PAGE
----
Monday, April 11, 2011

Baxter Station

This past Saturday, we ventured to the Baxter Avenue area for a meal at Baxter Station. Located on 1201 Payne Street in a 100 year old tavern in historic Irish Hill, this cozy and eclectic bistro is truly one of Louisville's hidden gems. Upon entering, you might notice the black and white tiled floor, reminiscent of a 1950's diner seeming to immediately invite you in. The restaurant doesn't fail to live up to its title with a railway theme featuring an antique train whizzing around the edge of the ceiling. We requested a patio table, the waitress proceeded to lead us past the front dining room to a similar back dining area adorned with train photographs against choo choo train red walls, however in the narrow hallway in between, the tables featured quirky lounge-like chairs out of place with the other rustic wooden chairs and tables. She brought us to our table on the enclosed patio that rolls back for the warmer months. We agreed the patio offers a down home ambiance of Southern charm. Our good friend Meg who joined us shared that she felt like she was dining out in a friend's back yard. 

The atmosphere is so comfortable and saloon-like that one may think the menu would be limited to pub fare, when, in fact, it offers a much more gourmet selection. We thought about ordering the specials, which included the catch of the day, a grilled salmon fillet in a bourbon glaze or a cup of butternut and squash soup but decided against it. Instead, we were between the potato cakes, mussels, or shrimp and grits. Beth had previously sampled the shrimp and grits, and she liked what she tasted so much, she was tempted to give it another go. With a touch of jalapeno juices, she felt it offered just the right amount of spice with a great creamy texture to cool it down. We decided, instead, on the mussels, which was a mistake. All three of us agreed they were a bit mushy instead of steamed to a firmness, however the garlic-wine sauce soaking them provided a decent flavor. Meg went for her favorite there, the red beans and rice, which she whole-heatedly claims to be Louisville's best. They are unique in that the beans and rice are accompanied by a mix of zucchini and celery with the option of adding Andoli sausage for an even spicier kick. We split the Bourbon Fried Chicken and agreed the chicken breast was perfectly breaded. The juiciness of the chicken was present in every bite along with just enough of that crunch necessary in every fried chicken dish. The light bourbon glaze accented the tenderness of the meat well. It came with a side of mashed potatoes and vegetables, which were nothing special. Michael even poured some of the Bourbon glaze over to liven them up.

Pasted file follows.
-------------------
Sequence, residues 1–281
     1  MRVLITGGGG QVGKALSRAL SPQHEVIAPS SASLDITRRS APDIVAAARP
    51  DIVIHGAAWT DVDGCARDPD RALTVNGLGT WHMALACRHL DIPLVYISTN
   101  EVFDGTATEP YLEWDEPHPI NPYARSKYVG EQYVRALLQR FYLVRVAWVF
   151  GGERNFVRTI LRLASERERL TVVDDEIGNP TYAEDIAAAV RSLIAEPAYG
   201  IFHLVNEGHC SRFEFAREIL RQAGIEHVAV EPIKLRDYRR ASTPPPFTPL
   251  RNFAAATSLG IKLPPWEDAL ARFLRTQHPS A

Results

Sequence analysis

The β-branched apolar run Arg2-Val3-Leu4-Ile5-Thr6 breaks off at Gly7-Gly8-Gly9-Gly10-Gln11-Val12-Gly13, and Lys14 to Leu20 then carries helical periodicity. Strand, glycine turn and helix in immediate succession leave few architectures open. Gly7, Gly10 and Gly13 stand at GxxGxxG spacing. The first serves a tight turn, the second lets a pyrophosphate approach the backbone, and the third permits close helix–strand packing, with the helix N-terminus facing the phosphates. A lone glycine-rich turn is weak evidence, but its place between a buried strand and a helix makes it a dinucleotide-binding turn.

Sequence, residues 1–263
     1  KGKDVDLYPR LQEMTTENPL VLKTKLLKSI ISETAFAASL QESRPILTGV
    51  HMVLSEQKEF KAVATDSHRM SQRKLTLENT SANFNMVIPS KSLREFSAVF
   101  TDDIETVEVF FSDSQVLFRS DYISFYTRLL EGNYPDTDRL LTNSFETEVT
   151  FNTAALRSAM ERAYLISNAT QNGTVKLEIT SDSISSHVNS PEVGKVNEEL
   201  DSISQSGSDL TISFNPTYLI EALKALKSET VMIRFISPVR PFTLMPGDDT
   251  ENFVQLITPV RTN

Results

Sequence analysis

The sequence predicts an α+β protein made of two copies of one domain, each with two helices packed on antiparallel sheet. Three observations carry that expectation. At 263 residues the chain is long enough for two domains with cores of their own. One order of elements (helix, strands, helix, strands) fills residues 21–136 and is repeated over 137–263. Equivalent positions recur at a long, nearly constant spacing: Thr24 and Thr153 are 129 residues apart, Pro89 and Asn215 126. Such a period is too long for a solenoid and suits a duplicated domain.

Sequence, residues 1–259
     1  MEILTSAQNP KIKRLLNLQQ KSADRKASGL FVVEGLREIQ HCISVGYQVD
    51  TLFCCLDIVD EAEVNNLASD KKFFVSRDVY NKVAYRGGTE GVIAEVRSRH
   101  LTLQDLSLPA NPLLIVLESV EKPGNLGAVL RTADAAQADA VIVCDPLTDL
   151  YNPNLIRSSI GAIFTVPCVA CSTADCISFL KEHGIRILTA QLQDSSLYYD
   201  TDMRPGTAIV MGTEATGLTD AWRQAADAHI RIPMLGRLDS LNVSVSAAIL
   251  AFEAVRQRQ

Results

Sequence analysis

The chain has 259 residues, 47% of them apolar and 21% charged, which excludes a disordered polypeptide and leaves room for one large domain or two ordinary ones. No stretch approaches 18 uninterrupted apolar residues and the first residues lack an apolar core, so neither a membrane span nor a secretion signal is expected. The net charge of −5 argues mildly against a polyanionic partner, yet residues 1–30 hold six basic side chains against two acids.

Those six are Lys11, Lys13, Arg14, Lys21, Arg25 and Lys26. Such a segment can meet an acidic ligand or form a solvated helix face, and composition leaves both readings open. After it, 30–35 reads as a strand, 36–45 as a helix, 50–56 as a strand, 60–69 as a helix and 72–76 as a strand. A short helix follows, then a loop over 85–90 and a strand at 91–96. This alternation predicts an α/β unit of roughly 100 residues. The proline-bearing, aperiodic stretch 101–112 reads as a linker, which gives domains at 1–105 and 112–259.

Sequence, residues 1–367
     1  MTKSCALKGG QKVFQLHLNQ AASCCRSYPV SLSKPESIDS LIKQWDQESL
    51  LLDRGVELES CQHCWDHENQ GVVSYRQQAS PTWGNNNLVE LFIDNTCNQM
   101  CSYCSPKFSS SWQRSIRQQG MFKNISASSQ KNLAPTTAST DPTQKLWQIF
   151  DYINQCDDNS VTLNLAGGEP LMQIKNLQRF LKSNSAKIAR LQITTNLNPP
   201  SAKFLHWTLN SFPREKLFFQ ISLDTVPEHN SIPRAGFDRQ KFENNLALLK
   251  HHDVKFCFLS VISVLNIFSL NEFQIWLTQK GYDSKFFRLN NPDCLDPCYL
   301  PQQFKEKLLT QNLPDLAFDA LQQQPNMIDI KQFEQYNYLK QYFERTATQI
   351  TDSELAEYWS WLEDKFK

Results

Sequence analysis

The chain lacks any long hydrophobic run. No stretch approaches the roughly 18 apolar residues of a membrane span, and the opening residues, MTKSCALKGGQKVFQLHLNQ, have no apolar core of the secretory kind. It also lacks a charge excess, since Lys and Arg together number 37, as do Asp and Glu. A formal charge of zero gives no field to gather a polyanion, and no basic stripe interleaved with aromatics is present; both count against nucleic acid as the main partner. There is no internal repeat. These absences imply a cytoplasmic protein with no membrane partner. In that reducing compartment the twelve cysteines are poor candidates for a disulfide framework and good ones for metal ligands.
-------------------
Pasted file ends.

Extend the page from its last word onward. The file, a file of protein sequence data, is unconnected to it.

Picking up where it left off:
Baxter Station offers quite an extensive Bourbon menu, as it is a member of the Urban Bourbon Trail. They run a special on Mondays for Bourbon flights, which Michael is tempted to hit up. Their tap offers 24 beers. The wine list offers 30 for under $30 and is much more helpful than most, denoting more descriptive categories ranging from "Rich and Full Bodied" to "Crisp and Refreshing," even recommending certain wines that go well with spicy foods or ones that are more supple. 

The menu is affordable enough if you're on a budget with prices ranging from $8 for appetizers and sandwiches to up to $20 for entrees with service that was, at times, on the slower end in our experience.  

And remember for your next Holladay platter, when Uncle Allen starts bringing up those awkward adolescent years when you still wanted to be the lead singer of [insert any embarassing 80's or 90's band here] in front of your new love interest, and all you want to do is grab a heaping glass of bourbon and egg nog and crawl under the table... there's always the option of dining out with your brother or sister. That's what we prefer. Until next time... live to eat!

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